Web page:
Tom Petrocelli's take on technology. Tom is the author of the book "Data Protection and Information Lifecycle Management" and a natural technology curmudgeon. This blog represents only my own views and not those of my employer, Enterprise Strategy Group. Frankly, mine are more amusing.

Tuesday, July 06, 2010

Let’s Get Something Clear About Transparency

I have noticed a lot of bloggers coming clean about how their blogs are influenced by who they work for. One of my favorite bloggers, Marc Farley (aka 3PARFarley) recently published his statement. To say I was not in the least surprised to find that 3PARFarley worked for 3PAR is a bit of an understatement. His tongue and cheek blog can be found at

Never to let an opportunity go by to get some traction from the work of others, I wish to add my own transparency statement. Here it goes:

Unlike so many other bloggers, I can honestly say that my blog is not influenced by any company. That’s because I am not part of any company. It’s not what I would choose but it gives me the opportunity to say “No one tells me what to do (other than my wife)!” For the right money I’m willing to change all that. Not the part about the wife. I would never change that. Love ya honey.

I write what I write because I think it’s right. Or maybe because I’m a blowhard who likes to hear himself talk. Perhaps it’s so that I don’t have to find meaningful employment and can call myself a blogger instead. It could be a mental illness such as Narcissistic Personality Disorder. Who knows. Or it could be that the aliens tell me to write. Good thing they don’t tell me what to write because then this would be one big horrible lie. I couldn’t live with that.

I don’t like to admit this but this has not always been the case. Not the part about aliens silly. They’ve always been there. No, the company part. I have blogged for companies that I worked for and it surely influenced my personal blog. Not in the form of shilling for the company (that’s what corporate blogs are for) but in staying away from certain topics or companies so as not to offend someone who contributed to my livelihood. The unfortunate accident of my current situation frees me from that worry. I am now truly free to annoy anyone I choose… unless I’m interviewing with them. Then I have to wait until they stop calling back to use them as a piñata. Just kidding about the piñata part. No really. No worries. But next time get a non-disclosure…

My problem with transparency statements (mine and Marc’s excluded of course) is that they assume that we are all too stupid to figure out that most blogs are sponsored, paid for, or otherwise influenced by a corporation. Come on folks! What ISN’T manipulated by a company these days? Please don’t act like anyone is hiding something. Gosh, what was the giveaway? The corporate logo on the top of the page? How about the bio that starts with “I work for (insert company name here)”? I’m not cynical, just realistic. Even most of the so-called private blogs say things like “These views do not reflect the views of my company.” The heck they don’t. Let’s have someone lambast the CEO and see if the disclaimer saves his job. Of course it won’t so you stay away from certain topics. That’s influence. See the advertising on the blog? Do you think that comes without strings? Sorry but no. The first time you lose an advertiser because of what you write you learn quickly not to write that again. It might not even be conscience but it’s there all the same.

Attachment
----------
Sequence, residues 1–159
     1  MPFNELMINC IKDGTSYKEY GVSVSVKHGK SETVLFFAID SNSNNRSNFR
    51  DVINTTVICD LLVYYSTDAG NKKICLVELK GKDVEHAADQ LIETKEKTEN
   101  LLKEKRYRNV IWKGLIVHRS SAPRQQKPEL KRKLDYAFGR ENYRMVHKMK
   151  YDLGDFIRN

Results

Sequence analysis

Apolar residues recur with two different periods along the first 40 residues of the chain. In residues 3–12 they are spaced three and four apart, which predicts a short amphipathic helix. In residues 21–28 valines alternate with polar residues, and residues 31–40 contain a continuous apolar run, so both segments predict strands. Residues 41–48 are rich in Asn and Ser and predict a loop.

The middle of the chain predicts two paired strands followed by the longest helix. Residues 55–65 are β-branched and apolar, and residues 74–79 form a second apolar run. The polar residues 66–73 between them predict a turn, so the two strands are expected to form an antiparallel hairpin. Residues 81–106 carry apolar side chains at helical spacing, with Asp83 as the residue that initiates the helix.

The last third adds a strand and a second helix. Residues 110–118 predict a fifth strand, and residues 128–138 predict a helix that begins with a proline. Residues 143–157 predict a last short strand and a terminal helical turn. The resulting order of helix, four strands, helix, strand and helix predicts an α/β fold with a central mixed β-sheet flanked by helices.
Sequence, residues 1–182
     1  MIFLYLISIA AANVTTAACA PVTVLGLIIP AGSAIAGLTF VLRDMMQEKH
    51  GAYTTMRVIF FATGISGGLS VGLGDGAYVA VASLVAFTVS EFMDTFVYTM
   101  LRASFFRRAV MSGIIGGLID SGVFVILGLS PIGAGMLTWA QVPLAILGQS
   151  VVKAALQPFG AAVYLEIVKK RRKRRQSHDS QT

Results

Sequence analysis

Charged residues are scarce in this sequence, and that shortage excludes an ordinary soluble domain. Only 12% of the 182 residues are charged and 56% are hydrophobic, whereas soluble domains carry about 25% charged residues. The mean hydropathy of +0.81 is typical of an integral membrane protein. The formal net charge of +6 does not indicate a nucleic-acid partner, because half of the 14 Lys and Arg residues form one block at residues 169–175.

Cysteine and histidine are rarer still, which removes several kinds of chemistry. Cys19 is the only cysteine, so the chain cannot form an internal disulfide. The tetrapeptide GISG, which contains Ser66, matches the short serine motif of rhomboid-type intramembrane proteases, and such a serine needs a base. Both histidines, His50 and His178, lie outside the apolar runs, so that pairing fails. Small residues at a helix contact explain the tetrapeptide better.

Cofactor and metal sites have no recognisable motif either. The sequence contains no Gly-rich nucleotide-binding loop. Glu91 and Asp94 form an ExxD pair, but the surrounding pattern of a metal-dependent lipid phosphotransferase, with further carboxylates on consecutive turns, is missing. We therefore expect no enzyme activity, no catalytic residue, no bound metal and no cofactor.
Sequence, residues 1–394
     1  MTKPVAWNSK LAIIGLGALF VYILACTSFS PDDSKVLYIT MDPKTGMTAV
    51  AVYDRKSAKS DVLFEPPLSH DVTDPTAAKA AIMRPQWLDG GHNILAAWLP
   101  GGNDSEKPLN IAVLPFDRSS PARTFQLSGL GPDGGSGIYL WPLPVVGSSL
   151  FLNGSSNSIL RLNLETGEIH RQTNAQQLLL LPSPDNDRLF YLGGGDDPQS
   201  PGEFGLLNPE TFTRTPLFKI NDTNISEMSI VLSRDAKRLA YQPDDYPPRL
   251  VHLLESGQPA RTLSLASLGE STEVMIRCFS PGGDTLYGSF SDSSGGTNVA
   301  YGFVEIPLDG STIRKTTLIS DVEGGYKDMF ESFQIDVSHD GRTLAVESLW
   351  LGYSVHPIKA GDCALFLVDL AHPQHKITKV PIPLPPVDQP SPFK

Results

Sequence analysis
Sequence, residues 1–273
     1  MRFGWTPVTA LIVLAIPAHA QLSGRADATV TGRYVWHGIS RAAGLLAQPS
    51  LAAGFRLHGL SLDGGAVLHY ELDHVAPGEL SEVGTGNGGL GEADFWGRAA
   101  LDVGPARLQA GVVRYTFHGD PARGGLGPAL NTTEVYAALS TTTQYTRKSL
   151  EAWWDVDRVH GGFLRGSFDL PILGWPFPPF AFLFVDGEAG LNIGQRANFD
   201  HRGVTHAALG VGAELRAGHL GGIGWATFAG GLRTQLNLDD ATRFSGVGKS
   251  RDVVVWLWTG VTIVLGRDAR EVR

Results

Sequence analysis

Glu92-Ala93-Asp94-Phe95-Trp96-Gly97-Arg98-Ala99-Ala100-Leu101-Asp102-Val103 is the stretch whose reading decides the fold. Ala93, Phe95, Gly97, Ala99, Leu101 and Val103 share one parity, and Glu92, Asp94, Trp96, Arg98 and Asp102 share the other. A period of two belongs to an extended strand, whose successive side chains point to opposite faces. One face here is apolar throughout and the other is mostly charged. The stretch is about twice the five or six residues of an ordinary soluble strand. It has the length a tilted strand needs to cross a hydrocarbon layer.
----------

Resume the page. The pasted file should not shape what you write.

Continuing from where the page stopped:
To the folks who cry about transparency and journalistic integrity I have this to say: This is not journalism. It’s commerce. Most blogs that don’t come out of a new agency are a form of advertising. I would make a Fox News joke now but I hear they have mean lawyers. Just kidding. I love you legal guys.

Most people get that. It doesn’t mean there isn’t value in what the blogger writes but it is, at least partly, marketing. If you can’t tell if someone is selling you something then assume they are. Even me. I’m not but it’s better that you assume I am if you aren’t sure. Trust me on that.

Finally, I’ll leave you with this pledge:

I’m not selling you anything but truth. I’ll NEVER sell you anything but truth. Remember that when I go to work for a big company. I’ll never change. Not even then. I’m just like that. You can take that to the bank.

At least for now.

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